RELATED VIDEO: Voices from Protests After George Floyd's Death: 'Our Skin Color Should Not Be Considered a Weapon'
Williams' involvement with Black Lives Matter and her presence in the peaceful protests comes years after her grandfather, Reverend Hosea Williams, marched in the Civil Rights movement alongside Dr. Martin Luther King, Jr. The familial connection to the current events has sparked an even greater fire inside of her, Williams says.
"What I experience being on the frontline with them is a very beautiful thing," she says. "The energy of the people is very much one mind, one mission and one goal, and that is to stand side by side, locked in arms, locked in heart, and to use every breath we have to demand justice for George Floyd and for the other victims of police brutality."
But despite the decades of difference between her and her grandfather's times of activism, she says their message to the world remains the same: stand up against the inequality.
"I want everybody to go vote. The same African American lives that we want to save and the same way I just want to live in my black skin and my brother just wants to live in his black skin, those same African Americans die for the right for us to be able to vote," Williams says. "That is how you lift your voice; that is how you fight for real change."
"This a moment where we should live in it, we should breathe it and we should acknowledge the people and what's been activated," she adds. "All of these officials should listen. As you can see around the world, when some of these police chiefs are actually deciding to walk with the people, take a knee with the people, it turns the mood of the protests. If more of that would happen, we would be at least a step forward into change."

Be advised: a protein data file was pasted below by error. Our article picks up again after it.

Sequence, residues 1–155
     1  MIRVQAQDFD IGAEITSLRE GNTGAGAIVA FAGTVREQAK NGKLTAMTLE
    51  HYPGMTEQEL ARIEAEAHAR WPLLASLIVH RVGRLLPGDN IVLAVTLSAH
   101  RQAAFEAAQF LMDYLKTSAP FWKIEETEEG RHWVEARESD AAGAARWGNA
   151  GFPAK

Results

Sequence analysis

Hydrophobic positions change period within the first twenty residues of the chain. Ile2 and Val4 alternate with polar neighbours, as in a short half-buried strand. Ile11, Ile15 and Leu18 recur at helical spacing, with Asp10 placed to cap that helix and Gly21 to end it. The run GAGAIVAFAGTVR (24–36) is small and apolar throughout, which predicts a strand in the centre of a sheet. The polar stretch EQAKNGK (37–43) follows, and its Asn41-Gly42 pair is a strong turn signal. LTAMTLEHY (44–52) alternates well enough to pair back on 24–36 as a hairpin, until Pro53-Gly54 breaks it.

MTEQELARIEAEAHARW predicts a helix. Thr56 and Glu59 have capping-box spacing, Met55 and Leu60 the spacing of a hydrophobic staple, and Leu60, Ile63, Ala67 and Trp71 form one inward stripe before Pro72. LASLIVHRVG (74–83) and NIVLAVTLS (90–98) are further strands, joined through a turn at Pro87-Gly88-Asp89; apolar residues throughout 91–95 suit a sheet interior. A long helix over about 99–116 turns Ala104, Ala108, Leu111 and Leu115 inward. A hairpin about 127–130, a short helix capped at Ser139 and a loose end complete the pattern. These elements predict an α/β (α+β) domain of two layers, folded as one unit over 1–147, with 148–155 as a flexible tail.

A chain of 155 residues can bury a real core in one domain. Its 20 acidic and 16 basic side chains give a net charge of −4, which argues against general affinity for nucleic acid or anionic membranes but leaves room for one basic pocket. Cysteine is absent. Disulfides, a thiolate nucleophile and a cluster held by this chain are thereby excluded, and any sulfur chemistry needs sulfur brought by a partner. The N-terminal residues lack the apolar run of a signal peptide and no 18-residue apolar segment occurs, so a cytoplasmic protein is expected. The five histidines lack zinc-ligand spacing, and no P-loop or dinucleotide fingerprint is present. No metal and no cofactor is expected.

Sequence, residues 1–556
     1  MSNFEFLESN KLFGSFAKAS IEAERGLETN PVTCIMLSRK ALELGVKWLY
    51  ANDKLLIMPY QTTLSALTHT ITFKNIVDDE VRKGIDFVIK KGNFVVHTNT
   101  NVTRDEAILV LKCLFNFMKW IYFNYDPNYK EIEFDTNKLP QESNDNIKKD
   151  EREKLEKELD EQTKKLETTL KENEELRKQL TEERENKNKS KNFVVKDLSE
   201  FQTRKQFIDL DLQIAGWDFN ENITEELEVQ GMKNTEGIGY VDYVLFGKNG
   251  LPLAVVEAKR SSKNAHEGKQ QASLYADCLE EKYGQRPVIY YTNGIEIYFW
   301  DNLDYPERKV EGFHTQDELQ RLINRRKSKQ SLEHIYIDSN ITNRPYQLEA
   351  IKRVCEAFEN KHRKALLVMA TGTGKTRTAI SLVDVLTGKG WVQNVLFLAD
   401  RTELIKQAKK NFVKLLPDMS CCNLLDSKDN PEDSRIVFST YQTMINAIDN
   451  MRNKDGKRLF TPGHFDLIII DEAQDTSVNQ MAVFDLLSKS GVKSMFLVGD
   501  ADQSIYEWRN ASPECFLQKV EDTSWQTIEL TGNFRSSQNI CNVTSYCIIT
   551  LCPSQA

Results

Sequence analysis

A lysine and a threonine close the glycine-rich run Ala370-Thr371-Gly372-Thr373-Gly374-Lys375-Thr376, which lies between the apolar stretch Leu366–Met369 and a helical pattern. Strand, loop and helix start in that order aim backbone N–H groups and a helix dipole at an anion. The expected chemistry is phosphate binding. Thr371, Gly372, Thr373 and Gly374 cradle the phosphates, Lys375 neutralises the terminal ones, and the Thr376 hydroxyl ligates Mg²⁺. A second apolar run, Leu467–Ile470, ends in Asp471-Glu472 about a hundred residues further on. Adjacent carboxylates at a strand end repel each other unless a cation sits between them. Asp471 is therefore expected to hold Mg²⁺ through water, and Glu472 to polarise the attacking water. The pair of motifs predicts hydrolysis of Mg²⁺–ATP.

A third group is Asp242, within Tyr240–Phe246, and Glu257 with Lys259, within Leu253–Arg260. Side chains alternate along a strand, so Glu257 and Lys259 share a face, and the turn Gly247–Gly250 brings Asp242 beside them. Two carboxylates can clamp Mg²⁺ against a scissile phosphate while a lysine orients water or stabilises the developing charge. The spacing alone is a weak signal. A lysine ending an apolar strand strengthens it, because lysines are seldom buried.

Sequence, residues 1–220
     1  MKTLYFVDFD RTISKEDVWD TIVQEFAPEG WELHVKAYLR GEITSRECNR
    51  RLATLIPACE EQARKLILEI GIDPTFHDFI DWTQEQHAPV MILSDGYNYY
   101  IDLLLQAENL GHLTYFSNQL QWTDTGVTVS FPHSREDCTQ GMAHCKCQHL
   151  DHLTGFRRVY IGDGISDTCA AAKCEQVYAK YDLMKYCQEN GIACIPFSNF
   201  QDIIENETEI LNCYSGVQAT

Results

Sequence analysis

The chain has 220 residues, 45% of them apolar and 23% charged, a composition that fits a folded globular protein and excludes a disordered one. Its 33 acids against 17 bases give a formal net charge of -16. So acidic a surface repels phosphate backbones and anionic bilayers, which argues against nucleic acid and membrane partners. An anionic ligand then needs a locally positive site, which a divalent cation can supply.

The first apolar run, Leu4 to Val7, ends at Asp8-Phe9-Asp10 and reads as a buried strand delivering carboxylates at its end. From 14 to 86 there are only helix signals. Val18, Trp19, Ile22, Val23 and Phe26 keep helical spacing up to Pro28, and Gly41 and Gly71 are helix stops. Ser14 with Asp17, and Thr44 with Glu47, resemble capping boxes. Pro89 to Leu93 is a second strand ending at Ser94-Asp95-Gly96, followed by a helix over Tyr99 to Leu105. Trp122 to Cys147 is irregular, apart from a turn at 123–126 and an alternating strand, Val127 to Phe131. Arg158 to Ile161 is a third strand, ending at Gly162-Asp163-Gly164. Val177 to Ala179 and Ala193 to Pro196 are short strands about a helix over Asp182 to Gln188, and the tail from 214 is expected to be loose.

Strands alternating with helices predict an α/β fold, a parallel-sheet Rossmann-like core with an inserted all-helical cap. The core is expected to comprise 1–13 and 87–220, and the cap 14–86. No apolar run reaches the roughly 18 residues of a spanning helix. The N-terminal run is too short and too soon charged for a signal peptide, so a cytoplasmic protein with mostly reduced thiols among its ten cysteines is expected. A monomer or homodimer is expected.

Says Williams, "As long as the people don't feel like they're being heard, they're being ignored, they're being gassed, they're being silenced, they can't breathe because of the gas that they're throwing at us, the rubber bullets, then this will not stop. People want to see change and the time for the change is now. The people are serious this time. We do mean no justice, no peace."
Much of Williams' motivation to demand change stems from her experiences as a mom to 14-month-old Pilar Jhena, her daughter with Dennis McKinley. Along with her baby girl's future in mind, the mom of one is determined to bring about change for a better quality of life for all Americans.
"At this moment, I am fighting for humanity, my brother, my sister, my allies, my cousins, whomever you are, if you are like-minded and you are going to be on the right side of history and say no to racism, then you are my family," she says. "Just as passionate as I am about having a safe and quality future of life for my daughter, I want the same thing for any other American."
To help combat systemic racism, consider learning from or donating to these organizations:
- Campaign Zero (joincampaignzero.org) which works to end police brutality in America through research-proven strategies.
- ColorofChange.org works to make government more responsive to racial disparities.
- National Cares Mentoring Movement (caresmentoring.org) provides social and academic support to help black youth succeed in college and beyond.